Study: Thousands of Maine’s Vietnam Veterans Could Have Cancer Causing Parasite

Maine Veteran Population Statistics courtesy

WASHINGTON D.C. – A small study conducted by the Department of Veteran’s Affairs may be an indicator of a big problem that has flown under the radar for Vietnam veterans.

The Associated Press and Military Times are reporting that the study, made up of samples from 50 Vietnam veterans, indicated that 20% of those tested showed positive indicators of infection by a parasite that can be contracted when eating raw fish from the rivers of Vietnam.

Infection, most often caused from consuming a parasite known as liver flukes, can eventually lead to rare and painful bile duct cancer, which is often not detected until the patient has just months to live.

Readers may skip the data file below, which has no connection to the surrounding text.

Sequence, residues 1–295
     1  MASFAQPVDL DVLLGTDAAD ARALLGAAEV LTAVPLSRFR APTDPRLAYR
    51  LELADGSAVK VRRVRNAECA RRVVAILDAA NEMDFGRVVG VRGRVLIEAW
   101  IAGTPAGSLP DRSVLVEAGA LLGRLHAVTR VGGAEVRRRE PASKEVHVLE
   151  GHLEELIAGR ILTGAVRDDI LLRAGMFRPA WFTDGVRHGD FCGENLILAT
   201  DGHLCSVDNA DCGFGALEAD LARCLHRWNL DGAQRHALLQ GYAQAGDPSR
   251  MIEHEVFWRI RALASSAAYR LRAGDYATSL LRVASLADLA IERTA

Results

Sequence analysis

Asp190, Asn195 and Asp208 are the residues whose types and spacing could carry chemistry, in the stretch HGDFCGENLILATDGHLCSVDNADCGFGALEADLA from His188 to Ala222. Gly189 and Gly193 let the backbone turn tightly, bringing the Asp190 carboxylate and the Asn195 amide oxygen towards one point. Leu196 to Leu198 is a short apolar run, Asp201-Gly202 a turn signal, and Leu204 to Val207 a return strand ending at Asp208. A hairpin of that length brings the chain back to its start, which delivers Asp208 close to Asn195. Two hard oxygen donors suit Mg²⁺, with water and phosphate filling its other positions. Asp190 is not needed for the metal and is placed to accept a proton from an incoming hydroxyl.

While the issue has been discussed for a number of years, the Department of Veterans Affairs has not stepped in to take full responsibility. Last year, Senator Chuck Schumer called for a study after learning that a Vietnam veteran from his state had seen his claims denied by the VA.

The VA has also been criticized for not recommending testing for veterans who are at risk in recent years, even as the issue has seen rising awareness among those potentially affected.

Bile duct cancer caused by the liver fluke is extremely rare among the general population in the United States, but appears to be much more prominent among those who served in the Vietnam War.

In recent years, the VA is reported to have denied approximately three out of four claims for bile duct cancer, according to the AP report.

Sadly, the parasite can be wiped out with medicine administered orally if detected early.

The state of Maine has one of the largest populations of military veterans per capita in the nation.

In total, the state of Maine claims more than 44,000 veterans of the Vietnam war among our more than 130,000 veterans statewide.

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